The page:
4.  Disseminating relevant health information to underserved audiences: implications of the Digital Divide Pilot Projects* 
Journal of the Medical Library Association  2005;93(4 Suppl):S68-S73.
Objective: This paper examines the influence of the digital divide on disparities in health outcomes for vulnerable populations, identifying implications for medical and public libraries.
Method: The paper describes the results of the Digital Divide Pilot Projects demonstration research programs funded by the National Cancer Institute to test new strategies for disseminating relevant health information to underserved and at-risk audiences.
Results: The Digital Divide Pilot Projects field-tested innovative systemic strategies for helping underserved populations access and utilize relevant health information to make informed health-related decisions about seeking appropriate health care and support, resisting avoidable and significant health risks, and promoting their own health.
Implications: The paper builds on the Digital Divide Pilot Projects by identifying implications for developing health communication strategies that libraries can adopt to provide digital health information to vulnerable populations.
PMCID: PMC1255755  PMID: 16239960
5.  Creating a Framework for Online Cancer Services Research to Facilitate Timely and Interdisciplinary Applications 
Researchers from a wide array of disciplines have conducted engaging and informative studies in recent years concerning the use of the Internet for cancer-related services. Typically, these publications provide key data related to utilization statistics, how online information can be used, what users want or expect from the Internet, outcomes or impacts, and quality and credibility of websites. These are important themes for understanding online cancer issues. However, this special issue of the Journal of Medical Internet Research seeks to recast these themes in a way that will facilitate pragmatic and applied means of employing data in prescriptive and interdisciplinary ways. This issue includes 14 papers that exemplify applications for the research framework recommended in this paper. This framework includes an expanded focus on the development and design of online cancer services, online consumer behavior/communication, behavior change, and living with cancer.
doi:10.2196/jmir.7.3.e34
PMCID: PMC1550666  PMID: 15998625
Online information services; cancer communication; health outcomes; behavior change; cancer survivorship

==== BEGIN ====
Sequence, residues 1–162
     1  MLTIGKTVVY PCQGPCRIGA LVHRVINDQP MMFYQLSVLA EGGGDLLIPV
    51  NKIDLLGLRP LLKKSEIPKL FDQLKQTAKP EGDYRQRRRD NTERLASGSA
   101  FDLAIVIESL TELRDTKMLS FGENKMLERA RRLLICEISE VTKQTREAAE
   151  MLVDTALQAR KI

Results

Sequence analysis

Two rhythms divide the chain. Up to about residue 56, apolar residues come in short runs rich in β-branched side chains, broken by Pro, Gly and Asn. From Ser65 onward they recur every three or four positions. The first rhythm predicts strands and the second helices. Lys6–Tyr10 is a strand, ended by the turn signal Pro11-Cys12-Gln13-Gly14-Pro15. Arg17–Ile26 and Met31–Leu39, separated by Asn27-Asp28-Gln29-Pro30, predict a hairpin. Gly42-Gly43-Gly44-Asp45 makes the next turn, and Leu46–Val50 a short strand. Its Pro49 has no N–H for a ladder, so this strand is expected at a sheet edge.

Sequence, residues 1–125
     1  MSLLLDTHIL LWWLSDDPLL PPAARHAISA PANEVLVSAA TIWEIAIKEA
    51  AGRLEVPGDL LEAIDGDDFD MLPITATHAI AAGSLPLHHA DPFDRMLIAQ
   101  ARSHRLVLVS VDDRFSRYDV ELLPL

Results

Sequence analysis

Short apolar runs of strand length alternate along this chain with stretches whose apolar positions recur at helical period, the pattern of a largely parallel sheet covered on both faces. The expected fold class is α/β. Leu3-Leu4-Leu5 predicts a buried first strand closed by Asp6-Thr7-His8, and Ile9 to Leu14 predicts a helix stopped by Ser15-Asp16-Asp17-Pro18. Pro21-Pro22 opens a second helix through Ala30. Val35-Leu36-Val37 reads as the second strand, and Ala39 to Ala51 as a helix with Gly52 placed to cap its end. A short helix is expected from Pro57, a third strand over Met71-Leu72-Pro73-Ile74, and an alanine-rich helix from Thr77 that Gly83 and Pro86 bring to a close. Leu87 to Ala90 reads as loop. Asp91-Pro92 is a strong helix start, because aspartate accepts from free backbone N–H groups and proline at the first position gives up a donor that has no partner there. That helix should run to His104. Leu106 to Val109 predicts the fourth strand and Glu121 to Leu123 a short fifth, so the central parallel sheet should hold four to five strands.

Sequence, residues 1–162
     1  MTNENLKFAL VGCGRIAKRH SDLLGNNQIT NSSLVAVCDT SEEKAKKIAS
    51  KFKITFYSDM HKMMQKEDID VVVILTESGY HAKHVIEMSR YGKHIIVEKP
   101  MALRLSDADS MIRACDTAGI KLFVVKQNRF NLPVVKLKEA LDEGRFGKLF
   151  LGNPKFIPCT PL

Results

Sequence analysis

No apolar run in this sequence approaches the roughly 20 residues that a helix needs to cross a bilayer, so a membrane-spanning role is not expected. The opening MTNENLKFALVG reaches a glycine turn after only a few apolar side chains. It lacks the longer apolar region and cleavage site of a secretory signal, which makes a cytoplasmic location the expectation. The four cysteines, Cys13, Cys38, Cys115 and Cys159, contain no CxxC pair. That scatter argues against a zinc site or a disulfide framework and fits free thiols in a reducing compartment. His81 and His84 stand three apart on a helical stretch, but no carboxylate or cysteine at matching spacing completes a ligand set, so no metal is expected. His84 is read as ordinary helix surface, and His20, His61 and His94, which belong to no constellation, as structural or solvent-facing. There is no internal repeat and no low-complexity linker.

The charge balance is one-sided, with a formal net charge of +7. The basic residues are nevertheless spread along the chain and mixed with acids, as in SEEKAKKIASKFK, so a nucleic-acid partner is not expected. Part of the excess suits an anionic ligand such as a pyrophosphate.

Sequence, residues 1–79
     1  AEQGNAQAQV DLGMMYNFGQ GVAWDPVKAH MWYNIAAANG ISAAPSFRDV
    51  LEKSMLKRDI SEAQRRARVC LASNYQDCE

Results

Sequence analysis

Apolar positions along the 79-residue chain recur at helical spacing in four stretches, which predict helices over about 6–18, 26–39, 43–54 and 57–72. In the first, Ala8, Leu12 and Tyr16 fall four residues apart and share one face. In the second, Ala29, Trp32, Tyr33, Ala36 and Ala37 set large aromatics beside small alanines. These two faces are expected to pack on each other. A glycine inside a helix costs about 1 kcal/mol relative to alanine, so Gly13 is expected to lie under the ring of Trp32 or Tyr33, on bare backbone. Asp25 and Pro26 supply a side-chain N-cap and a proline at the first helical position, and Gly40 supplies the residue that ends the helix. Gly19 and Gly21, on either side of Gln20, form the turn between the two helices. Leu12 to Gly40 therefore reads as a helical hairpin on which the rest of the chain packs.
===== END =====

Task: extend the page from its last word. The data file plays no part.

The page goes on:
6.  The Internet as a Vehicle to Communicate Health Information During a Public Health Emergency: A Survey Analysis Involving the Anthrax Scare of 2001 
Background
The recent public health risks arising from bioterrorist threats and outbreaks of infectious diseases like SARS (Severe Acute Respiratory Syndrome) highlight the challenges of effectively communicating accurate health information to an alarmed public.
Objective
To evaluate use of the Internet in accessing information related to the anthrax scare in the United States in late 2001, and to strategize about the most effective use of this technology as a communication vehicle during times of public health crises.
Methods
A paper-based survey to assess how individuals obtained health information relating to bioterrorism and anthrax during late 2001.We surveyed 500 randomly selected patients from two ambulatory primary care clinics affiliated with the Brigham and Women's Hospital in Boston, Massachusetts.
Results
The response rate was 42%. While traditional media provided the primary source of information on anthrax and bioterrorism, 21% (95% CI, 15% - 27%) of respondents reported searching the Internet for this information during late 2001. Respondents reported trusting information from physicians the most, and information from health websites slightly more than information from any traditional media source. Over half of those searching the Internet reported changing their behavior as a result of information found online.
Conclusions
Many people already look to the Internet for information during a public health crisis, and information found online can positively influence behavioral responses to such crises. However, the potential of the Internet to convey accurate health information and advice has not yet been realized. In order to enhance the effectiveness of public-health communication, physician practices could use this technology to pro-actively e-mail their patients validated information. Still, unless Internet access becomes more broadly available, its benefits will not accrue to disadvantaged populations.
doi:10.2196/jmir.6.1.e8
PMCID: PMC1550585  PMID: 15111274
bioterrorism; public health; communication; electronic mail; inequality; behavior

Results 1-6 (6)